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Are Electric Airplanes the Future?

Written by Luke Burgess
Posted January 3, 2020

The debate over climate change has turned eyes to the sky.

According to the U.S. Department of Energy, air travel is responsible for 2% to 3% of total domestic carbon emissions in America. They say U.S. air travel consumes about 3.5 quadrillion BTUs of jet fuel, which produces 175 million metric tons of CO2 per year.

To put that into perspective, the EPA says a typical passenger vehicle emits about 4.6 metric tons of CO2 per year. So the emissions produced from U.S. air travel is equivalent to about 38 million cars.

(And, if you were wondering, there are about 276 million vehicles total in the U.S. including passenger cars, motorcycles, trucks, buses, and other vehicles.)


Driven by European media campaigns (KLM Royal Dutch Airlines’ "Fly Responsibly" campaign) and environmental politics of voices like Greta Thunberg, climate change advocates all over the world began heavily pressuring their governments for stricter emission controls on airlines last year.

There was even a trend of “flight shaming” that sprouted up in late 2019. Social media users (particularly from Europe) began actively shaming celebrities and other famous people for what they called irresponsible air travel in hopes that it would prompt others to shun airlines for the planet's sake.

But the rising awareness of air travel pollution didn't only result in corporate crowd pandering and ego-building virtue signaling. Rising awareness has also provided money for researchers to develop commercially viable alternatives for using aviation fuel.

Among some of the technology being developed last year included using liquid hydrogen as aviation fuel, which would drastically cut down on carbon emissions and increase efficiency.

Now, even the U.S. government is involved in developing greener airplanes. Last month the DOE announced $55 million in funding to develop electric aviation engine technology and powertrain systems.

The DOE is funding the development of the technology through its Advanced Research Projects Agency-Energy (ARPA-E).

ARPA-E was formed as a part of Obama's American Recovery and Reinvestment Act in 2009 and modeled after the Defense Advanced Research Projects Agency (DARPA). What DARPA does for military technology, ARPA-E does for energy technology: It uses public funds to invest in high-risk technologies research that wouldn't otherwise be funded.

New Secretary of Energy Dan Brouillette said of the funding in a statement:

Every American should have reliable, affordable, and efficient transportation, and the electrification of aviation systems has the potential to transform the way aircraft consume and use energy. These programs will focus on innovative research and development for flight systems that increase the overall efficiency of aircraft and have the potential to reduce aircraft fuel consumption and emissions.

So are electric airplanes the future?

Well, they're actually the present.

Electric airplanes already exist.

Private companies have been developing electric planes for years. In late 2019, NASA even unveiled its own electric airplane that has been under development for four years.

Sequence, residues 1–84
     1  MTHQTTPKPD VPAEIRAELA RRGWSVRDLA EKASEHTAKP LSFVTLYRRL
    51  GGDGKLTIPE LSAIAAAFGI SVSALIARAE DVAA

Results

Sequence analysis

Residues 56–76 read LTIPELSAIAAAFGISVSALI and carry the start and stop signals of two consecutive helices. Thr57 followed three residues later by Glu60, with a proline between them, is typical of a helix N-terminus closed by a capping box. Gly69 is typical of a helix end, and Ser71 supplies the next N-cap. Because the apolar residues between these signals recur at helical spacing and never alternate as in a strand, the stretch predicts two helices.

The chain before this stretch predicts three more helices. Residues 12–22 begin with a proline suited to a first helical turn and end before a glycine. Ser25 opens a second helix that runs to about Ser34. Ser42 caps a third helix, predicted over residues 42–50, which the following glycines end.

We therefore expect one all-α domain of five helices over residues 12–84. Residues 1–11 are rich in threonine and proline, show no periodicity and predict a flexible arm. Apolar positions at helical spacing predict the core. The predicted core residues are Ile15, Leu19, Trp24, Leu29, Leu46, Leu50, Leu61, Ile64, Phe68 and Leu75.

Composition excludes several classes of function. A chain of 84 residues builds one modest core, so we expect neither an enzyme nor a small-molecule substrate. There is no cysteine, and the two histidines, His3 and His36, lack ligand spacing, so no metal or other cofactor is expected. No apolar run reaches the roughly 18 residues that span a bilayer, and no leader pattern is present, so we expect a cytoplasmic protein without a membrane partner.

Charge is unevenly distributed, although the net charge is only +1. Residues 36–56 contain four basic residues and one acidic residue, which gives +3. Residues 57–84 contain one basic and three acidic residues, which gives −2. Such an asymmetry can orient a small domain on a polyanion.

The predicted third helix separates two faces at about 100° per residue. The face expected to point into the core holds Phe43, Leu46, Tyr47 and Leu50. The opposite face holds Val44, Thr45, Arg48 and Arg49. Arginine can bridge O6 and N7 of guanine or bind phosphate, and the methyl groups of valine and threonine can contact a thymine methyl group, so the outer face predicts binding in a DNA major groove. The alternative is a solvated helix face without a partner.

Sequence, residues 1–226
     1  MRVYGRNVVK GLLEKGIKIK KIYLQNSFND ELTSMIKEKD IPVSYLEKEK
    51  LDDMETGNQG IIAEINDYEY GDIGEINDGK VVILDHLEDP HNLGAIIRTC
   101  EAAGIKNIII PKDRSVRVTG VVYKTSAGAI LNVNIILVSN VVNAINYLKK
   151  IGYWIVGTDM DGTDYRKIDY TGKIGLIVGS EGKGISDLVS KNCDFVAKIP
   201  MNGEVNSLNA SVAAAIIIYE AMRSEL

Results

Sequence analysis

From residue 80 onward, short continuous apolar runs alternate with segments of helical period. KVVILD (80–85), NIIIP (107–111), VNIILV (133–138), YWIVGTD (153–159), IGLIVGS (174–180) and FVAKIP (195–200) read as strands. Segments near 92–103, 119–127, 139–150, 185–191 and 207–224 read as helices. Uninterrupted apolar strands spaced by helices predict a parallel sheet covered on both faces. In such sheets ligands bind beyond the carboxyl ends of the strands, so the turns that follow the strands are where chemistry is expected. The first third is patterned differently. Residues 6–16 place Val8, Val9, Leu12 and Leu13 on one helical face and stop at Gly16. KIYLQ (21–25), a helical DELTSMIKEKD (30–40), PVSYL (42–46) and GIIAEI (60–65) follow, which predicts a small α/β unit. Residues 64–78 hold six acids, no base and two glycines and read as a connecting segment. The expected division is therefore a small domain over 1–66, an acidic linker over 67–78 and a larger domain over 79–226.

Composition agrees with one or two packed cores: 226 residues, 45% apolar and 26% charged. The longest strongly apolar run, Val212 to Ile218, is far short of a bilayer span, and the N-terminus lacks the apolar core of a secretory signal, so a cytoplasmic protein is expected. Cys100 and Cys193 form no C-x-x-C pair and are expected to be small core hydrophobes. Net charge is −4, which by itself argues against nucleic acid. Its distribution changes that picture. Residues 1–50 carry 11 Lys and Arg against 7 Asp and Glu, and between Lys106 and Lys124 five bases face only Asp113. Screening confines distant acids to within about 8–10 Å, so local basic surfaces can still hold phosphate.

Named the X-57 Maxwell, this Italian-made Tecnam P2006T twin-engine propeller plane has been converted to use an all-electric power system with 14 motors that are powered by specially designed lithium-ion batteries. The plane, however, hasn't flown yet. It's still several month away from its first test flight.

Yet the electric planes that have been and currently are being developed are limited to today's technology. That allows only very small passenger aircraft like NASA's X-57 Maxwell, which can carry four to six passengers at most.

A large commercial passenger aircraft like a 747 can hold between 400 and 500 people. And the technology to create an electric 747 simply doesn't exist yet. But that's what the DOE hopes is possible.

We have to remember the technology that allows electric cars is still relatively new — and it's still not perfected. So we really can't expect too much right now from electric airplane technology.

And, yes, agencies like ARPA-E do spend a lot of money on high-risk projects like electric aircraft. Since 2009, ARPA-E has provided $2 billion for over 800 energy technology projects. But they also actually produce results. Since inception, ARPA-E funding is responsible for 346 energy technology patents, the formation of 76 companies, and $2.9 billion in new investment from the private sector.

So I think there's still good reason to invest in the technology. Because while an electric 747 is probably quite far off, more research into making electric motors more efficient is valuable to everyone, and there's no telling what new things could be discovered along the way.

Until next time,
Luke Burgess Signature
Luke Burgess

As an editor at Energy and Capital, Luke’s analysis and market research reach hundreds of thousands of investors every day. Luke is also a contributing editor of Angel Publishing’s Bull and Bust Report newsletter. There, he helps investors in leveraging the future supply-demand imbalance that he believes could be key to a cyclical upswing in the hard asset markets. For more on Luke, go to his editor’s page.

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